One question that I am asked quite frequently when I am holding workshops for beginner vegetable gardeners is how to create the garden itself. Many new gardeners are overwhelmed with all the possibilities as they are bombarded with concepts such as square-foot gardening, straw-bale gardening, lasagne gardening or raised boxes.
The first thing that I tell beginner gardeners is that the basic requirement for most vegetables is a minimum of six hours of direct sun (afternoon sun preferred!). When I am looking at a site, I visit it several times a day to determine how much sun the proposed site receives at different points during the day. One clue to the best site for a vegetable garden is to identify where the snow first disappears from your yard.
After reviewing the available sunlight, the next step is to develop a plan and decide what approach to take. The available budget is a critical parameter. My strong preference is for an in-the-ground garden – it is by far the cheapest, the most flexible and requires much less water.
That being said there are many circumstances where other approaches may be a better choice. If there is site contamination, a raised box with no contact with the native soil will be the best option. If there are mobility or bending issues, a raised box again gets the nod. If the only site available is a paved driveway, a straw-bale garden may be a very reasonably-priced option. If only a small quantity of vegetables is desired a square-foot garden may fit the bill. If there are a lot of organic materials available, a lasagne approach may be the best choice.
Over the weekend, I had the opportunity to help create a space for a reconciliation garden at an Almonte church. This garden will provide a space for gardeners to grow indigenous plants and share wisdom about growing food and living sustainably.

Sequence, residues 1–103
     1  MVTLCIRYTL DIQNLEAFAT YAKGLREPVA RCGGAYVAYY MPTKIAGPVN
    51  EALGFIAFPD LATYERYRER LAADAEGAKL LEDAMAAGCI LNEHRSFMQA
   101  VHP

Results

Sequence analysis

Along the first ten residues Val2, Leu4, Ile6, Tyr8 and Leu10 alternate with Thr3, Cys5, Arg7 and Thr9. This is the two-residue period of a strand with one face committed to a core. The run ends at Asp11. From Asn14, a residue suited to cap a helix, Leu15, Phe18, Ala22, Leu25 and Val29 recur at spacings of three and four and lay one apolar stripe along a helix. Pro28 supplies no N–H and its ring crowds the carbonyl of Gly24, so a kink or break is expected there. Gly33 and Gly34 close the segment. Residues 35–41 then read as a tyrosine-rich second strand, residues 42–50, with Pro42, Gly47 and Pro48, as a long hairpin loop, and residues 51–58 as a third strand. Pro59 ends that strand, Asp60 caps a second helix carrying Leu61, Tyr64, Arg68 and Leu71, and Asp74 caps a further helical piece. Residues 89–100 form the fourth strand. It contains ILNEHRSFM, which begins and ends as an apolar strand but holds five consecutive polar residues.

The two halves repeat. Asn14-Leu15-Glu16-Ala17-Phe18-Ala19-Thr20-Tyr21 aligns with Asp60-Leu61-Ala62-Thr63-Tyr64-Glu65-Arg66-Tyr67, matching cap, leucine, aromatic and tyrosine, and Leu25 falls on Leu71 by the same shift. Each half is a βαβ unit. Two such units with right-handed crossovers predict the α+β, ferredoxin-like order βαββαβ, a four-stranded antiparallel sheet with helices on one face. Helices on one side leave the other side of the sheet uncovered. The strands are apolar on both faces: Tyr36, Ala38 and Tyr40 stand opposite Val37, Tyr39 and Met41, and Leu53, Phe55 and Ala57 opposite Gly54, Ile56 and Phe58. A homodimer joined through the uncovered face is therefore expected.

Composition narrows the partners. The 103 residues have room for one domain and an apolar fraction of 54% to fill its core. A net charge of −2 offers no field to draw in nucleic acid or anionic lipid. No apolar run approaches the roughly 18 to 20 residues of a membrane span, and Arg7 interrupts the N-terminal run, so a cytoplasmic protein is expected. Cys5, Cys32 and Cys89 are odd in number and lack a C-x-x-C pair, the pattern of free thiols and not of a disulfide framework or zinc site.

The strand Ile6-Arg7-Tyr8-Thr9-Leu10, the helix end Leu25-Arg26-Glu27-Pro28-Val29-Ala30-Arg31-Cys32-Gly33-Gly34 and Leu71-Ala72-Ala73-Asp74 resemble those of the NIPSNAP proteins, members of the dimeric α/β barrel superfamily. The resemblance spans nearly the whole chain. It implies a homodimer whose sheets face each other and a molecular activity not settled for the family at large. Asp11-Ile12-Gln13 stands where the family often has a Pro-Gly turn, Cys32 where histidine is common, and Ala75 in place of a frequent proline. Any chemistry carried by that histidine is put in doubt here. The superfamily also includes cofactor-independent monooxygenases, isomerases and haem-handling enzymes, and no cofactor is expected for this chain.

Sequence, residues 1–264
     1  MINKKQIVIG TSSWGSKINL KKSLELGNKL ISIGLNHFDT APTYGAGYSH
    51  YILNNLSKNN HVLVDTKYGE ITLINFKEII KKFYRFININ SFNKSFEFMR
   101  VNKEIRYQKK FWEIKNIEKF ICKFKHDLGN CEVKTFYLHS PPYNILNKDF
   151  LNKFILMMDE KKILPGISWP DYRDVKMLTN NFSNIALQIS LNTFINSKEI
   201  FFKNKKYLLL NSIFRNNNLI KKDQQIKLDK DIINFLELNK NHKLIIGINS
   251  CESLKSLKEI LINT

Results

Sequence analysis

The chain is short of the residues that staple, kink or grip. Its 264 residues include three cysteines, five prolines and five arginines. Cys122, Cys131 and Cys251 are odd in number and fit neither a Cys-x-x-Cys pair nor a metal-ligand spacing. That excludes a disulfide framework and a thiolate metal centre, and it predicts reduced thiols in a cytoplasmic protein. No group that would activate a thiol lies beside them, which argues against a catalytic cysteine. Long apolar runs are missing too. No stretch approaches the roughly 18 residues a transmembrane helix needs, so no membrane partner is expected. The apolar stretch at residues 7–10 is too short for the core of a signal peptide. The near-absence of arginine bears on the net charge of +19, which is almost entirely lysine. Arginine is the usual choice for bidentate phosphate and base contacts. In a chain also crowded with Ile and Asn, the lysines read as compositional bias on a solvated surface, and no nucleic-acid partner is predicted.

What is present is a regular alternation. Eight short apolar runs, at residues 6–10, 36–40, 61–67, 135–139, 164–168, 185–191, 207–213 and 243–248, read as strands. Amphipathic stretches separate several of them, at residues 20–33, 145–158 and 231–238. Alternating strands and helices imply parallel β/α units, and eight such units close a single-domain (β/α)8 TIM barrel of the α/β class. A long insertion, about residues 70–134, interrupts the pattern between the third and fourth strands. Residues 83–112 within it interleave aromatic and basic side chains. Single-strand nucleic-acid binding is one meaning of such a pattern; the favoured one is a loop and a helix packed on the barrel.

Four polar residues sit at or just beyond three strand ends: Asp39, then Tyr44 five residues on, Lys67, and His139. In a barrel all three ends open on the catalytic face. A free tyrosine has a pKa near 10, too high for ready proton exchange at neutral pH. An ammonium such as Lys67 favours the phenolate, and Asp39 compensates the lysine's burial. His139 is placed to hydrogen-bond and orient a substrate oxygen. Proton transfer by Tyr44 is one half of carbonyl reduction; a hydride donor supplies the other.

The space is about 600 square feet. A sunny site was located; the centre marked with a stake and a circle with a 25 foot diameter was marked. A sod-cutter was rented and the existing grass was quickly cut, ready to be rolled. The sod-cutting machine weighs a couple of hundred pounds and is somewhat awkward to operate, but is an incredibly cost-effective way to prepare a site. At a cost of about $80 we were able to prepare sites for four similar sized gardens in one day. With the right soil-moisture conditions the sod-cutting goes very quickly.
Once the sod was cut, it was rolled up and moved to a location where the grass can compost and then eventually be added back to the garden. Pathways were marked with stakes and twine and dug out to a couple of inches. Meanwhile four cubic yards of mushroom compost had been delivered and dumped close to the garden. Volunteers with shovels and a wheelbarrow spread the compost on the areas that will be the growing beds. The final steps were a rototilling to mix the compost with the existing soil, a levelling of the beds and then spreading of straw on the pathways.
The whole process took about five hours spread over a couple of days. Up to a dozen volunteers were involved – many for shorter periods of time. And if truth be told, the volunteers included a photographer, one woman with a wrist in a cast, and a fair amount of time standing chatting and drinking coffee and eating some delicious home-made muffins!
Next week the planting will begin with corn. In a week or two this will be followed by beans and squash.